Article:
Friday, April 26, 2013

On DVD/Blu-ray: COLD PREY II (2013) and PAWN (2013)

(Norway - 2008; 2013 US release)

A huge box office hit when released in its native Norway and the rest of Europe in 2006, COLD PREY (Norwegian title: FRITT VILT) took three years to get a straight-to-DVD release in the US.  The inevitable COLD PREY II has finally arrived on DVD in the US, a belated five years after its European theatrical run.  The first film had five snowboarders on a trip to the Jotunheimen region of southern Norway finding shelter at an abandoned resort where they're pursued by a relentless killing machine who's basically the Norwegian cousin of Jason Voorhees and Michael Myers.  Here, that film's Final Girl, Jannicke (Ingrid Borso Berdal) is found dazed and delirious and holding the dead killer's pickaxe, and transported to a nearby hospital that--of course--is operating with a skeleton crew because it's about to close down for good (helpful hint for slasher film protagonists: if you work in a hospital that's about to close, don't stick around; and when the lights flicker off and then back on, someone will instantly appear directly behind you).  As any fan of classic old-school slasher films like HALLOWEEN II and VISITING HOURS can attest, a nearly-abandoned hospital is an outstanding setting for these types of things, and COLD PREY II is cut from the same cloth.  The hulking killer (Robert Follin), thought dead, simply went into a brief hibernation from the cold.  When the doc in charge (Fridtjov Saheim) idiotically resuscitates him, the bodies start piling up in various gory ways until it's down to Jannicke and other doc Camilla (Marthe Snorresdotter Rovik) for the final showdown.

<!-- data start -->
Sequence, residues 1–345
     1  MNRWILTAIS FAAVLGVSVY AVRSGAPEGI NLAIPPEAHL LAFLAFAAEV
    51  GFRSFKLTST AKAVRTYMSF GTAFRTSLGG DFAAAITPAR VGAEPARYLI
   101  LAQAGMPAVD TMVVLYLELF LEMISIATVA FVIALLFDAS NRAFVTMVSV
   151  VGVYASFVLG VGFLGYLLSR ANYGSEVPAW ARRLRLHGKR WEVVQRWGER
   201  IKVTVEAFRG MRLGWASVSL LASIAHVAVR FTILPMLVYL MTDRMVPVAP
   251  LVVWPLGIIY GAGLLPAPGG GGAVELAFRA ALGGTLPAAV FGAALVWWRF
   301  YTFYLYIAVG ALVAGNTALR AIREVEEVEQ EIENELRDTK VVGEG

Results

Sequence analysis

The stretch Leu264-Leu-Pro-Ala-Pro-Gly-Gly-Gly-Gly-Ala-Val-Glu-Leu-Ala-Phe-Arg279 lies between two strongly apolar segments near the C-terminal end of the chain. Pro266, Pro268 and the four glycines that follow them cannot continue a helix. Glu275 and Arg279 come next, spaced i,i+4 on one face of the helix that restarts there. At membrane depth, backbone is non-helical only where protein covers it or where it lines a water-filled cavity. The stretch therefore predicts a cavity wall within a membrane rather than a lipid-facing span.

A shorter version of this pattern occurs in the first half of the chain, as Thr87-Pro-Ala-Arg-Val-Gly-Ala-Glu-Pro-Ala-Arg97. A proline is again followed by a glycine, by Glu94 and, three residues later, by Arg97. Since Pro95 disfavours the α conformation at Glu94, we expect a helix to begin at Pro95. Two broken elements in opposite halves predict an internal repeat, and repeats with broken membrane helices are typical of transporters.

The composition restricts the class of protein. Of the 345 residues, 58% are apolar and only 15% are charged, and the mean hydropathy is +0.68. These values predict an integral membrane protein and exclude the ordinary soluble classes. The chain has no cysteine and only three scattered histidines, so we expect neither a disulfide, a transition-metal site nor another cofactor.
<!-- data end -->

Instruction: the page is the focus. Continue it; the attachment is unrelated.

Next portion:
There's no real surprises in COLD PREY II and because there's a limited number of people who can get killed, it takes about half of the running time before anything starts happening. But once the killer is on the loose, things pick up considerably, and director Mats Stenberg (awesomely-monikered COLD PREY director Roar Uthaug co-produced and has a story credit) offers some impressively-constructed chase and kill scenes.  Also helping a lot is a truly badass Berdal staking her claim as a modern-day scream queen with her tough, gritty performance as Jannicke.  Like its predecessor, COLD PREY II brings nothing new to the table and relies too much on characters behaving stupidly, but it does a nice job executing tried-and-true genre staples and doing so with respect and affinity.  You don't need to see it, but doing so isn't a waste of your time.  It proved to be another huge success in Europe, prompting a COLD PREY III in 2010, which, following the time frame of the first two, should hit US shores sometime in 2017.  (Unrated, 90 mins)

(US - 2013)

This thoroughly forgettable thriller opened on a couple of screens four days before its DVD/Blu-ray release and showcases a large cast of recognizable faces in a completely by-the-numbers plot that's so routine that if you listen closely, you can practically hear their sighs of ambivalence.  Ex-con Sean Faris promises his pregnant wife (Nikki Reed) that he'll stay out of trouble, but then he finds himself in the middle of a hostage situation at an all-night diner when a crew of gunmen led by Michael Chiklis barge in to rob the place.  They're really after a hard drive that's being kept in the safe, and it's something that involves the grizzled diner owner (Stephen Lang as Scott Glenn) and the local crime boss (Ronald Guttman), whose villainy is instantly given away by the fact that he's the only person in the greasy spoon wearing an ascot.  The slumming cast also includes Ray Liotta as a mob mystery man, Forest Whitaker and Marton Csokas as on-the-take cops, and Common as the hostage negotiator.  For some reason, Chiklis uses a comically over-the-top Cockney accent that's basically an exaggerated impression of Jason Statham as Ray Winstone as Bob Hoskins, certainly to creatively infuse his character with some texture and depth and not at all an attention-hogging stunt suggested and supported by co-producer Michael Chiklis.  (R, 88 mins)

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